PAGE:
Mike Eagleton is often asked to conjure miracles from small, cheek-to-jowl city lots. The Denver landscape designer’s own yard, around a 1929 brick cottage south of downtown, is a prime example of his professional sleight of hand. Within its 50 by 120 feet, he has incorporated sunny, street-side perennial beds, a private entry court in the rear, an elevated outdoor dining room, a secluded lounging terrace, a carpet of lawn, woodland views, a potting shed, and several destination strolls that lead to musical, spilling fountains. Front and back entrances, the latter marked by a wisteria arbor off the alley behind his property, make a garden walk of coming home. Almost year-round, despite his Zone 6 climate, with its frigid winters and baking summers, he’s got something in bloom—in pots and borders and on top of arbors. Shade trees blot out neighbors’ homes, and it’s easy to forget, when he and his wife and their teenage kids kick back outside, that they’re in a metropolis of 600, 000 people.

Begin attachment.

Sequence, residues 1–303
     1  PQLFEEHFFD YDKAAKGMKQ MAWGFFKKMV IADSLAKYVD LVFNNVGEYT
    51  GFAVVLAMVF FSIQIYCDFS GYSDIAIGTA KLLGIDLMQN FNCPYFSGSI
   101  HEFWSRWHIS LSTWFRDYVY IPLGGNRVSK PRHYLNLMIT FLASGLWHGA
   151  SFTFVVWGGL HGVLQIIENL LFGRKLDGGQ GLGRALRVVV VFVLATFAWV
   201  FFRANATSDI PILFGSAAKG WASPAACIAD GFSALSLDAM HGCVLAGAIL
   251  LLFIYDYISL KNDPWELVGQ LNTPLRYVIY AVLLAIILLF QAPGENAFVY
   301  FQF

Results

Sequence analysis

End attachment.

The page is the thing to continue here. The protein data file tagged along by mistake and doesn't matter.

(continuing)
Shown: An arched wood gate to the left of the front entry opens onto a fountain that muffles street noise. The brick path leads from front yard to backyard.